Both state appropriations to public universities and the revenue they derive from tuition and fees have helped fund the extraordinary increases in higher education spending.

Total state appropriations for university operations increased from approximately $760 million to $1.615 billion since 1985. The increase is 24 percent more than inflation, but full-time enrollment increased 28 percent over this time.

During the same period, however, students’ tuition and fees skyrocketed. In fiscal year 1985 the tuition and fees charged to all full-time public university students (not weighted by population, program of study, or school) averaged approximately $1,786. If tuition and fees had increased at merely the rate of inflation, students today would pay only $3,093 annually instead of the fiscal year 2002 average of approximately $5,365. This means today’s students, on average, pay about 73 percent more than they would have to pay if tuition and fee increases had just kept pace with inflation.

Since higher education spending is one of the largest drains on the state budget, it deserves special scrutiny at a time of projected deficits. Increases in tuition and fees in excess of inflation suggest one way to determine a reduced state appropriation.

If state appropriations for higher education were reduced by an amount equal to the excess revenue generated by tuition and fee increases that exceeded inflation since 1985, the total savings would come to approximately $547 million, based on a current population of 241,134 students. (The savings calculation is imprecise, since no attempt is made to account for changes in the mix of undergraduate and graduate enrollment, or changes in the proportion of students paying higher amounts at some universities and lower amounts at others.)

Universities are charging students $547 million more per year than can be explained by inflation alone. Author’s Note: This figure, used in the Center’s 2003 budget study, has decreased due to recent cuts in higher education but remains above where it would be if tuition and fees had just kept pace with inflation. With more than a half-billion dollars in new annual revenue from students, the universities should be less dependent on the state. Additional cuts from the higher education portion of the state budget are justifiable and technically possible, but a starting-point reduction for the coming year could include an end to the new "tuition restraint program."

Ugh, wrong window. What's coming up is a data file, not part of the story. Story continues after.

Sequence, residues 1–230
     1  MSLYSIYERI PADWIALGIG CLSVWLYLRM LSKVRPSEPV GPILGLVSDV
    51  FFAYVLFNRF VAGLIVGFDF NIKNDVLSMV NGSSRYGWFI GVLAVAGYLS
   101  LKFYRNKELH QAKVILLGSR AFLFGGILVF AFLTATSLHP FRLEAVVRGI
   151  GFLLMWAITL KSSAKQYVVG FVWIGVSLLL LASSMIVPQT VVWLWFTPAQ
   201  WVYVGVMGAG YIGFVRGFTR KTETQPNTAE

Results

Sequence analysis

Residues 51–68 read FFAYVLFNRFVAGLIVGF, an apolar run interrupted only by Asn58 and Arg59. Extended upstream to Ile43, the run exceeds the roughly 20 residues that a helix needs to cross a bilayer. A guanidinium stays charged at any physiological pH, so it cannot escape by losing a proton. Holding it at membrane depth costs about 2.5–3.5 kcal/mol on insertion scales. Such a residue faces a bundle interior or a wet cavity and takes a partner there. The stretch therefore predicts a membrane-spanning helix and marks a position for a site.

Author’s Note: In Fiscal Year 2005, state funds are set to be appropriated to Michigan community colleges and universities as part of a tuition restraint policy. The funds will only be paid if the institutions "that did not adopt an increase in tuition and fee rates after December 1, 2003 for the 2003-2004 academic year, and that it will not adopt tuition and fee rate increases for the 2004-2005 academic year," [2] adjusted for inflation based upon the Detroit Consumer Price Index. Governor Granholm has set aside more than $87 million for universities that restrain tuition increases. This is a poor use of state funds. Those who benefit the most from education should be required to bear the greatest burden of paying for it. The state should eliminate this program and its appropriation. Savings: $87,806,000.